How Vergara's Arguments Compare
Professor Bill Koski proposes weak points in a lawsuit seeking to strike down teacher tenure laws in California for The Daily Journal.
The plaintiffs are presenting a theory that teacher tenure laws violate the state constitution's equal protection clause, a claim legal experts see as both a novel attack on union-bargained statutes, and a difficult case to make.
Several major education cases of the past five decades in which plaintiffs prevailed have each made constitutional claims. But Stanford Law School professor William Koski, who is involved in two ongoing education reform lawsuits in California, and Robert C. Fellmeth, a University of San Diego School of Law professor and former assistant U.S. attorney, said they see substantive differences between those suits and Vergara.
"There was a tight causal link in Reed, but Vergara will have difficulty showing that the rules tie administrators' hands," Koski said. Compared with Reed and other landmark education cases, "causal theories and evidentiary issues are dramatically amplified here," Koski said.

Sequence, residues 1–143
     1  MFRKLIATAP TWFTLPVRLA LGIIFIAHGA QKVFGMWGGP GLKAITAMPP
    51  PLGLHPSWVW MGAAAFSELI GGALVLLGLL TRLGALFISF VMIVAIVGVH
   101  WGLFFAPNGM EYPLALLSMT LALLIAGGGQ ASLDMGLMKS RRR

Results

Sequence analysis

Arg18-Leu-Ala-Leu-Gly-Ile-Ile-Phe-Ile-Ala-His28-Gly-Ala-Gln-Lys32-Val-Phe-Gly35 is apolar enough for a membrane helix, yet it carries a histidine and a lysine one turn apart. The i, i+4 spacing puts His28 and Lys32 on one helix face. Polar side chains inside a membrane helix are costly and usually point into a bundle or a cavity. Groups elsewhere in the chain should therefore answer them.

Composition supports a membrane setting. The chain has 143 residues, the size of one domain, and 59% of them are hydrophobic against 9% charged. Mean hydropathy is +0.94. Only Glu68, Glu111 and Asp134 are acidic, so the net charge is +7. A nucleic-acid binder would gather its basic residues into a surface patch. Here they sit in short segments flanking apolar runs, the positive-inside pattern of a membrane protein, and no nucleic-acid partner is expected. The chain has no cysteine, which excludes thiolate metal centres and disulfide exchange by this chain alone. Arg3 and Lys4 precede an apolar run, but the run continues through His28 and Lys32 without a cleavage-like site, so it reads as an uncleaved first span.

"I agree with the plaintiffs, but it is a difficult case," Fellmeth said. In his view, the equal protection claim is "weak." "Children are not a 'suspect class' - even impoverished children are not," he said.
Koski said that striking down the tenure statutes is "a pretty bold request, given that it's not a class action." Again, he made a comparison with Reed, saying that it "was a targeted case on a specific evidentiary base. This is a much bigger stretch especially given the class is amorphous." Plaintiffs have "loosely tied" the claims to minority and low-income students, he said.